Always in this neighborhood, we visit the Saint George’s Cathedral, a little architectural masterpieace. It was restored around the 1700’s. It is a little and simple church but also one of the most important places for the Christian religion. (it is more or less important like Saint Peter, in Rome). The church has got a deep symbolic and historical value; in fact it is one of the five main branches of the Christian Church, as pecking order.

The church guards priceless relics, among them: the relics of Saint Andrew the Apostle (considered the first bishop of the city), ones of Saint Gregory the Theologia and Saint John Chrysostom and Saint Euphemia. Besides, the church seems also to keep a fragment coming from one of the (supposed) columns of the fragellation of Jesus Christ.

In the lateral apse there are three sarcophagi belonging to three saints venerated by the Orthodox church (St. Solomon, St. Theophane and St. Euphemia); whereas, among the other important objects, we can admire an old patriarchal throne (V century).

From the church, coming into the criss˗cross lanes, full of painted houses with bizarre shapes, we reach the Rum Lisesi (the Greek Orthodox high school), built in 1881 by the architect Diamadis. Here we can see the wonderful building and its dome made of red bricks that dominates the hill of Fener, surrounded by ˗ in turn ˗ one of the most ‘’conservative’’ heighborhoods of Istanbul, the Çarşamba (Wednesday in Turkish).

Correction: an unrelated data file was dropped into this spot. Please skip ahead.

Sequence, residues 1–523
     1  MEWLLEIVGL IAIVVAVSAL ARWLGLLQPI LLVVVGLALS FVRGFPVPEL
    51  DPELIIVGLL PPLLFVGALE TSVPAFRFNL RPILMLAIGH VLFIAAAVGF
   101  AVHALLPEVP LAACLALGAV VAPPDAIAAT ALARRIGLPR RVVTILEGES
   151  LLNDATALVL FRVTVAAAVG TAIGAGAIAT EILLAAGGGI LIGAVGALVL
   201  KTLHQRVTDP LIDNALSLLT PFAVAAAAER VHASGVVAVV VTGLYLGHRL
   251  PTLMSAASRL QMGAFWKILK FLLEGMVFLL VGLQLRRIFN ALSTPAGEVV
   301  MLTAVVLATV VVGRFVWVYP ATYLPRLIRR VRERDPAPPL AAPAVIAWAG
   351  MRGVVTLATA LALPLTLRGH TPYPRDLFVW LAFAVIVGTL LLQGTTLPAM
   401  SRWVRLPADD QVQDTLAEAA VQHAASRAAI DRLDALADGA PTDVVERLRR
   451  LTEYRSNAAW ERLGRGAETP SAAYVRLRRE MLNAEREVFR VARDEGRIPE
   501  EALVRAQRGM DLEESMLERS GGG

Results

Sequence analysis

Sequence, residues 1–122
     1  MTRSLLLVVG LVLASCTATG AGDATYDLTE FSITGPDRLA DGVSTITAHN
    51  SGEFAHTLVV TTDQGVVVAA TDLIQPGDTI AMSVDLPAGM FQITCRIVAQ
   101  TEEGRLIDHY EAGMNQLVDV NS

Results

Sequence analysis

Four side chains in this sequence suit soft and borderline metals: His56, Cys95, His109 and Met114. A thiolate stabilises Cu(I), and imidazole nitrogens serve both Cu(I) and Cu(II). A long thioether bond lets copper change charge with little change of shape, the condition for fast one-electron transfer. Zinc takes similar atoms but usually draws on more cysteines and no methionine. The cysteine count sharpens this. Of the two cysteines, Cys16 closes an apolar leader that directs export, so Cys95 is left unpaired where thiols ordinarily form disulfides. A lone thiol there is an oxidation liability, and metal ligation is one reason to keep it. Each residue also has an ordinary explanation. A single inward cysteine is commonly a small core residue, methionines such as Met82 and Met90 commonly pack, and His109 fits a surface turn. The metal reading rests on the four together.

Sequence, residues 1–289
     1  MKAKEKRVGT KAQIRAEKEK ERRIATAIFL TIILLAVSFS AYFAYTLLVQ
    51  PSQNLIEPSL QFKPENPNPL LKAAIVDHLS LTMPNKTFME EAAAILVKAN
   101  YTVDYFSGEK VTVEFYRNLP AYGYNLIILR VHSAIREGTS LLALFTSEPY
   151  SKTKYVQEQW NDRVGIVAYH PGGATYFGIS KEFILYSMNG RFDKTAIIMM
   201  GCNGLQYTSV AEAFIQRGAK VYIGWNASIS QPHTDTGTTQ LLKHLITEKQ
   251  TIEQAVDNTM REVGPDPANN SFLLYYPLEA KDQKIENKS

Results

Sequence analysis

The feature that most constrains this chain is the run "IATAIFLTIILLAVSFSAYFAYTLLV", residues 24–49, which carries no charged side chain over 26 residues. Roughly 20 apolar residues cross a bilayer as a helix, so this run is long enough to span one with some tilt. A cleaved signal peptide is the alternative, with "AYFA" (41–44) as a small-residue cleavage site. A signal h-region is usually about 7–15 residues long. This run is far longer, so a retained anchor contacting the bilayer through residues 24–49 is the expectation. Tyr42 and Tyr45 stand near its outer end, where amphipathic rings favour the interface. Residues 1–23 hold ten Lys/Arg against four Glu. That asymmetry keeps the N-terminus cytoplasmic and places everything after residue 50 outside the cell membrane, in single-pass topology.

During the XVII century, when the Patriarchal Church was moved in this area, many Orthodox aristocrat and rich families built the new houses around the church. During the XVIII and IXI century, they represented the magnificence of the Fener. Unfortunately, after the Greek revolt of 1821, and after the tragic event of September 1955, many of these residences were completely left and neglected. Only in recent years some of these buildings have been restored and enhanced.

Scramble up a picturesque staircase, we get the top of the Fener hill where, many years ago, there were the ancient walls of Costantinople, and where a castle rose up and included into the Byzantine walls. Here, we can observe the remains of an old house/building belonging to Dimitrie Cantemir.